Four days of practices made clear the current gap between starting Bears quarterback Andy Dalton and rookie Justin Fields.

Dalton efficiently and effortlessly moved the ball around in the offense to various targets with precision and on time. Fields occasionally did this but other attempts looked ugly. It's the difference between being polished or raw.

This is no reason to panic. It's expected.

"I think he’s learning the offense," wide receiver Damiere Byrd said of Fields. "He's learning how to be a pro quarterback. He's learning how to take command of a huddle. Obviously throughout the draft process, everybody knows he has a great arm, strong arm, accuracy. Things like that. Now he's just learning how to be a starting NFL quarterback."

While Fields is learning, Dalton already has done this. He's also getting more snaps in practice than Fields, which is increasing his mastery of the attack he is playing in for the first time. Coach Matt Nagy estimated Dalton is getting 10% more of the snaps than Fields.

"When you're a quarterback with as much experience as Andy’s had, you've been fooled many times by the defense and hopefully learned from it, which I think he's proven he has," offensive coordinator Bill Lazor said. "He's also figured out some things you can do to take control of it and I think right now everyone is feeling that his experience brings some confidence with it.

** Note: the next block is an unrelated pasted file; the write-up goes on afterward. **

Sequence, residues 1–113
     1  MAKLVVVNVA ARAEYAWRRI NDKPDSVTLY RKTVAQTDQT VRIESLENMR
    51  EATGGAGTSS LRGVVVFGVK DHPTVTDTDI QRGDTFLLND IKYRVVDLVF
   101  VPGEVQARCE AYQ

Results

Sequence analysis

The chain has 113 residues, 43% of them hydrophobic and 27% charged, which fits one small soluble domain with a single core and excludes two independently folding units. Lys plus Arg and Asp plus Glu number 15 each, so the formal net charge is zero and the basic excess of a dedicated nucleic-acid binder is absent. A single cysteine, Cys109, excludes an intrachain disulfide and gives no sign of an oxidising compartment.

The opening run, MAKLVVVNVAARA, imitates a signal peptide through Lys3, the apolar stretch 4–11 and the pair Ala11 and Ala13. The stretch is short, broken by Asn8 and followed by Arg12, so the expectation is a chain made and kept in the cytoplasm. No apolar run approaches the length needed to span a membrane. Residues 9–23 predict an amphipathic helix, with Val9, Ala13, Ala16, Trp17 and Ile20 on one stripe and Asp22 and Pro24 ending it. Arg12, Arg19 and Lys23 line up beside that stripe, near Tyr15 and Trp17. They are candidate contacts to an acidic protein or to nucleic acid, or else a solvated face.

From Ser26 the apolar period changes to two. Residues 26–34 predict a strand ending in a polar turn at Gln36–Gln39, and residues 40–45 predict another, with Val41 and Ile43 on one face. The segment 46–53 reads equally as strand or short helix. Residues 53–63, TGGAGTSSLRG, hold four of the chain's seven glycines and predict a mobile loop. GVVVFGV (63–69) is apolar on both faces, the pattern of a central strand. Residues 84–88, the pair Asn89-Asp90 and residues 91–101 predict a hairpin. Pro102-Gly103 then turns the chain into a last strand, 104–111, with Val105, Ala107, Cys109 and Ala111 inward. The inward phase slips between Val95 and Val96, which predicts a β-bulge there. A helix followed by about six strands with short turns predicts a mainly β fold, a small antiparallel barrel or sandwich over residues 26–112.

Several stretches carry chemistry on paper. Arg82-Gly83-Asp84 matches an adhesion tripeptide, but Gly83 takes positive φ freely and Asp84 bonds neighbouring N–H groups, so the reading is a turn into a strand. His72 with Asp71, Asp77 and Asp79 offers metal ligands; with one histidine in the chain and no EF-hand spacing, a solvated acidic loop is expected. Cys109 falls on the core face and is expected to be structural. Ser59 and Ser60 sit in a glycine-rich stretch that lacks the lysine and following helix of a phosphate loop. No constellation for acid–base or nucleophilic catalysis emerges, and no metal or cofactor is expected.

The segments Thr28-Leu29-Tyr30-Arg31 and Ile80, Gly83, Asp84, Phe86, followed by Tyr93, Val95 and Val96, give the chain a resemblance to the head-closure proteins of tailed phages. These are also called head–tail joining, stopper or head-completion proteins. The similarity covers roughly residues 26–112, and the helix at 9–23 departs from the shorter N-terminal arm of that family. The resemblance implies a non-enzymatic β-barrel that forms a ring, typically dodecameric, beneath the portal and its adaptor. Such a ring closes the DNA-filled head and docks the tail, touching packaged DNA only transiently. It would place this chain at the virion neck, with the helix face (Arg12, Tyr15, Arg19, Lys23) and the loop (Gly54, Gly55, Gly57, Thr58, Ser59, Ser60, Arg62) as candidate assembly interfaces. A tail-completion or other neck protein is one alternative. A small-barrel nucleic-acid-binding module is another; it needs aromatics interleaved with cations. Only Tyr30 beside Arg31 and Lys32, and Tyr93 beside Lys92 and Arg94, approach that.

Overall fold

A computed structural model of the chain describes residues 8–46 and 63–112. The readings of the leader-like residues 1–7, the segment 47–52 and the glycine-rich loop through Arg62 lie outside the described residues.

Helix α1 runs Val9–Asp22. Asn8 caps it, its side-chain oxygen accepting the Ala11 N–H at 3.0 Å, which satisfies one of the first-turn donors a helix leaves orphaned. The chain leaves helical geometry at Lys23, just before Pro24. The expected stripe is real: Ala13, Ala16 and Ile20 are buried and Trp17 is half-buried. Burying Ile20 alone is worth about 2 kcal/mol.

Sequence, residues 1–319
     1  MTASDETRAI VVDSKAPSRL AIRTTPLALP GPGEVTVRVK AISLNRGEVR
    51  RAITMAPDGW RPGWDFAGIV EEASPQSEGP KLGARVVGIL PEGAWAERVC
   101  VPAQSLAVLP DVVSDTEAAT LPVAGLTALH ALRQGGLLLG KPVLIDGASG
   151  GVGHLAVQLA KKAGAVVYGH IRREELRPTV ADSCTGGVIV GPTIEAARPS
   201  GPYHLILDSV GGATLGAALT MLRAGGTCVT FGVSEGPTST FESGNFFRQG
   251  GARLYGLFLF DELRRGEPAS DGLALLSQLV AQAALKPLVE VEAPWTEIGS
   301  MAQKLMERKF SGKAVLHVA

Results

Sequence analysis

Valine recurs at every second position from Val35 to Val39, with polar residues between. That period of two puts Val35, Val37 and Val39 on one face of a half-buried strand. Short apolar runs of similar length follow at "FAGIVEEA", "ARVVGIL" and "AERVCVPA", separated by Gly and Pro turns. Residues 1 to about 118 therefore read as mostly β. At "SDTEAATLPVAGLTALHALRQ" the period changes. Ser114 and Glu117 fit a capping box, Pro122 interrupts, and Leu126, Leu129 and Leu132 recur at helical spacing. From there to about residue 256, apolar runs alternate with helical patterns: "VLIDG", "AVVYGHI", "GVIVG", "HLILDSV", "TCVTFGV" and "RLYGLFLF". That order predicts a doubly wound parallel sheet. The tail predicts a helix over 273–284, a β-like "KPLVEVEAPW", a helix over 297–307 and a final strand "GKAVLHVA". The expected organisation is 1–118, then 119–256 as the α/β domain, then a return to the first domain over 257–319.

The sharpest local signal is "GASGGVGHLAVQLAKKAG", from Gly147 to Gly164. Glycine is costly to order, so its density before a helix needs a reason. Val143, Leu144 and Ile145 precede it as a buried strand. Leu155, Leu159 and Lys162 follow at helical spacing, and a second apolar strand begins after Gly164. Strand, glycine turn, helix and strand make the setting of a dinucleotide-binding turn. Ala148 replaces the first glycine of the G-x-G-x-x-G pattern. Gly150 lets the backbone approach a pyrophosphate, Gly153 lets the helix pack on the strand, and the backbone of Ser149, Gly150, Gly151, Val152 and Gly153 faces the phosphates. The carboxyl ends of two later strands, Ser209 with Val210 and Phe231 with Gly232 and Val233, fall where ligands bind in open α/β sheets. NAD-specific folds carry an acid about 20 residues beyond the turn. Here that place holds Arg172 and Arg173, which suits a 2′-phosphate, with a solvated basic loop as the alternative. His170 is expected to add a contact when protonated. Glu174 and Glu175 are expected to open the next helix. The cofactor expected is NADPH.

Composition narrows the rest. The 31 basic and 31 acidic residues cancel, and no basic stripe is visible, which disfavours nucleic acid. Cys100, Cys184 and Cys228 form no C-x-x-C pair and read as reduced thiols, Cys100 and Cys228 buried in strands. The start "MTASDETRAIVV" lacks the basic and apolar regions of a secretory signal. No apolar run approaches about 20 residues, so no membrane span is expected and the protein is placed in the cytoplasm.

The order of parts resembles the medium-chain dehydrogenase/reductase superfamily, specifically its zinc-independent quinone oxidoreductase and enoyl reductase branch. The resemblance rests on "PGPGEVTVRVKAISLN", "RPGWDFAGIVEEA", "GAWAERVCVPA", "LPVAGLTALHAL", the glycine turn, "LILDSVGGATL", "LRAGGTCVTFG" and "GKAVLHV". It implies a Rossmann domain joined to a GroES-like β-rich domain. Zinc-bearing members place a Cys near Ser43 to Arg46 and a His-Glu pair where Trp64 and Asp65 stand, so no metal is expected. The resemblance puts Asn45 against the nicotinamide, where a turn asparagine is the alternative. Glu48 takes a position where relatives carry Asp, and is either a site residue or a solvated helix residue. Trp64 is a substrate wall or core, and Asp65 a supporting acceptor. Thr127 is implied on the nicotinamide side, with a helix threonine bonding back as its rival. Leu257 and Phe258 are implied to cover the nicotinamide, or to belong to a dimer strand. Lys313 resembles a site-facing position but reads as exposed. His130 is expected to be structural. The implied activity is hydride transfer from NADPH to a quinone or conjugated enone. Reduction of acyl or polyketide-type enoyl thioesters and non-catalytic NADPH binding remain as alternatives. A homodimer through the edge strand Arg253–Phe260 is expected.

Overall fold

"I think that’s rubbing off on a lot of people. He also brings a certain tempo of play, which I think is rubbing off on the offense. So I think it's been felt by everyone."

The offense is moving in sync with Dalton.

Coach Matt Nagy offered up a specific area where Fields needs to be better, and like in the earlier comparison this is expected.

"We have to, at times, have him understand if the progression in a play is low to high, if it's there, take it," Nagy said.

On many plays the quarterback is to look downfield first and then check down as he runs through his progression. On some plays, it works the other way and Fields is supposed to look short first and then downfield. This might go against his nature and also training in college.

"He's had a few of those where it's low-to-high and he's tried to put one in the second level, third level, 20 yards instead of taking the 7-yard completion down below," Nagy said. "Some it worked and some haven't. But at the same point in time, some of his strengths, if you go back and look at what he's done in college are those 20-yard throws, whether it's a dagger, whether it's a circus route on the outside, outside of the numbers."

This sounds like the Bears are trying to alter Fields or squash his strongest points to turn him into a short passer. However, Nagy said this isn't the case.

"So we want to work to his strengths, too, and be able to help him in other areas, but you don’t try to tame somebody too much," Nagy said. "You want to be able to let him go and do his thing, but you've gotta make sure that if we're telling the wide receivers, tight ends and running backs the progression of a play and they're open and they're No. 1 or 2 in the progression and they're not getting it because we're staying outside of that progression, then they start to get frustrated.

"And he hasn't done that, but we want to just keep him within the system."

The Bears worked three years in this offense with a quarterback who couldn't adequately put it downfield.

It sounds as if it will take at least a little time for them to learn to work with one who does this with ease, and until they've polished him more Andy Dalton will rule the day in the attack.

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